Women are regularly subject to questions about their periods; some are okay to answer them, others will tell you to google it yourself.
Sex education also just about covers the basics and is sometimes segregated between girls and boys – meaning the latter don’t quite truly understand menstruation. As periods are generally quite taboo, some men have made assumptions – mainly that period blood is similar to peeing.
One woman explained on Tumblr how her boss – a middle-aged, married state representative, didn’t know how periods work and always despised sanitary products. He thought tampons were sex toys and women just used the excuse of periods to faff around the toilets.
‘Once I worked as an intern in the state capital,’ wrote the user on Tumblr. ‘One of the representatives I worked for was this middle-aged guy. And he hated the tampon and napkin machines in the women’s bathrooms. Hated them. He insisted that they weren’t necessary. ‘My period started suddenly, as it sometimes does, and I asked to excuse myself to go to the ladies room. He wanted to know why.
I told him. ‘He started ranting about how lazy women were. How we wasted time. How we were so careless and unhygienic, and that there was no call for that. He finished by telling me that I certainly was not going to the ladies’ room and that I was just going to sit there and work. ‘“If I don’t go,” I said in an overly patient tone, “the blood is going to soak through my pants, stain my new skirt that I just bought, and possibly get on this chair I’m sitting in.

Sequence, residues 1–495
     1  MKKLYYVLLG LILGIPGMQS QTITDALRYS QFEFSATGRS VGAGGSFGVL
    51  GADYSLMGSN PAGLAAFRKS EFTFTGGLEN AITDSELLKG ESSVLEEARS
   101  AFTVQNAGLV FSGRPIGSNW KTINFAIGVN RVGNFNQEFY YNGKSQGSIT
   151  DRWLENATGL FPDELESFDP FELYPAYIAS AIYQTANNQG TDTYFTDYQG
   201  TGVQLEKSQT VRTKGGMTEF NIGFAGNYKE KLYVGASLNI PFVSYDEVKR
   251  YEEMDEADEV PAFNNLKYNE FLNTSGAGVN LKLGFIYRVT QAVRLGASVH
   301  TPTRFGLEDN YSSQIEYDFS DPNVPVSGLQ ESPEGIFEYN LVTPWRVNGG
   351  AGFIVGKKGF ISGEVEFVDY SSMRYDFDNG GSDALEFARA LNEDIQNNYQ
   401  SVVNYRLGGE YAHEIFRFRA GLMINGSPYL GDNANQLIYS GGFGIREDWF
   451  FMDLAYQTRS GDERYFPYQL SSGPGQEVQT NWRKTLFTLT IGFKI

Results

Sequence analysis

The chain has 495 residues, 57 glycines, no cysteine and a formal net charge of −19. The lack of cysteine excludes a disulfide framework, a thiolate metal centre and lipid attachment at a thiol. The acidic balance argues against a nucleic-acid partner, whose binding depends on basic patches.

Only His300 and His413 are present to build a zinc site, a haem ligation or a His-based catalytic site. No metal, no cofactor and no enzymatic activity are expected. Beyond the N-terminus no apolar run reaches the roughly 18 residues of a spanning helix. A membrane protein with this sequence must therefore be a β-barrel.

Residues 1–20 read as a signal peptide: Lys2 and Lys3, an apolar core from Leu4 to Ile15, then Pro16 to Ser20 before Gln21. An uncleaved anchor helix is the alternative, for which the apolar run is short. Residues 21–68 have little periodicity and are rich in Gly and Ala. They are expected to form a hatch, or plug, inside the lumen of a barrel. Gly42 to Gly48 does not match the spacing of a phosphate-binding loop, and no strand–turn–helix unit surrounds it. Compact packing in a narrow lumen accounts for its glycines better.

I need something to soak up the blood. That’s why I need to go to the bathroom”.’ ‘His face turned oatmeal-grey; an expression of pure horror spread across his face. He leaned forward and whispered, “Wait, you mean that if you don’t go, you’ll just keep on bleeding? I thought that women could turn it off any time that they wanted!”.’ ‘I thought “you have got to be kidding”.’
To her shock, after several whispers later, the manager then explained how he’d thought women could hold in their blood as with urine. He also thought tampons were dildos, paid for by the Health and Human Services, which is why he and his friends considered them luxury items. The woman, 20 years old at the time, explained the importance of sex education and why it’s needed so badly; not least of which is to stop powerful men in charge of decision-making enacting uninformed choices that affect half the population. culled from Metro.